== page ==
To the Editor:
The recent article titled “Delirium in Older Patients after Combined Epidural–General Anesthesia or General Anesthesia for Major Surgery: A Randomized Trial”1 explored whether combined epidural–general anesthesia reduces the incidence of postoperative delirium in elderly patients recovering from major noncardiac surgery. The authors suggested that delirium was significantly less common in the combined epidural–general anesthesia group than in the general anesthesia group. However, we have some commentary and questions for the authors on their conclusions.
Opioids are strongly associated with delirium2 ; the current study found that the combined epidural–general anesthesia reduced the incidence of delirium, supported by a decreased perioperative morphine equivalent consumption (mean difference, −32 mg; 95% CI, −41 to −23). But the occurrence of intraoperative hypotension events cannot be ignored. The authors reported that intraoperative hypotension (systolic blood pressure less than 80 mmHg) was more common in patients assigned to epidural anesthesia (421 [49%] vs. 288 [33%]), with more time with mean arterial pressure of less than 65 mmHg (17 min [interquartile range, 3 to 42] vs. 8 min [0 to 25]), and more epidural patients were given vasopressors (495 [58%] vs. 387 [45%]). The epidural anesthesia was associated with an increased risk of intraoperative hypotension, which is a well-known consequence of combining general and epidural anesthesia.2 Previous studies have demonstrated that intraoperative hypotension is associated with an increased risk of delirium.3,4 It is reasonable to take the intraoperative hypotension events into treatment-by-covariate interactions analysis. The benefit of combined epidural–general anesthesia thus needs to be balanced against potential risks of hypotension in individual patients (which strongly influences the number needed to treat). In the current study, the absolute risk reduction with combined epidural–general anesthesia was 3.2%, corresponding to the number-needed-to-treat to prevent a delirium event as close to 31.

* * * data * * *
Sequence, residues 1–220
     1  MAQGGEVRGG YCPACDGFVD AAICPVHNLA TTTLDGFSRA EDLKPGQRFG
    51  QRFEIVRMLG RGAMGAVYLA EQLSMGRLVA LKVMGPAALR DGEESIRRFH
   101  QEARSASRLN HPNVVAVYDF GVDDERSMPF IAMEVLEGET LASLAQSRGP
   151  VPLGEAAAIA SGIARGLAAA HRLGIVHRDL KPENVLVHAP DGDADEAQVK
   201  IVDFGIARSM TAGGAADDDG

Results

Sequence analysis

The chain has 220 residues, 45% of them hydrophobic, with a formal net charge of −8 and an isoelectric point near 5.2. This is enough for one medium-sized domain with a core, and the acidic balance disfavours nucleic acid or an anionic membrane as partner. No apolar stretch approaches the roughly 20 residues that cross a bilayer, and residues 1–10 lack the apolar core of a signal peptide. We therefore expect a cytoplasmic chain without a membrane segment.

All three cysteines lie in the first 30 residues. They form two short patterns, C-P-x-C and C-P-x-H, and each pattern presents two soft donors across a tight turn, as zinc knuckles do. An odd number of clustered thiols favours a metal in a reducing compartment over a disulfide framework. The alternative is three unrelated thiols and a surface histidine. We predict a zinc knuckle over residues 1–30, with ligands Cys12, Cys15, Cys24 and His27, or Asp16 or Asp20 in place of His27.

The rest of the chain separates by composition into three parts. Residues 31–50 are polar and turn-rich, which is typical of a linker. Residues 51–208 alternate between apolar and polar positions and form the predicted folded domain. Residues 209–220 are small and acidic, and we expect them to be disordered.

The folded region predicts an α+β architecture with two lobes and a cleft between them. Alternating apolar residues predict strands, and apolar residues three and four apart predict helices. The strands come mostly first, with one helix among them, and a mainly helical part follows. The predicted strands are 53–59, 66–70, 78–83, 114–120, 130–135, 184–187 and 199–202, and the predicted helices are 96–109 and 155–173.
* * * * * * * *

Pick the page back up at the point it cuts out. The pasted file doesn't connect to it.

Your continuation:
In addition, we are wondering whether or not the patients had experienced multiple delirium and, if so, whether the subtype of delirium was evaluated each time and each event analyzed separately or as a composite. This point should be clarified for readers. Additionally, it would be useful if the authors could provide the durations of delirium.
The authors declare no competing interests.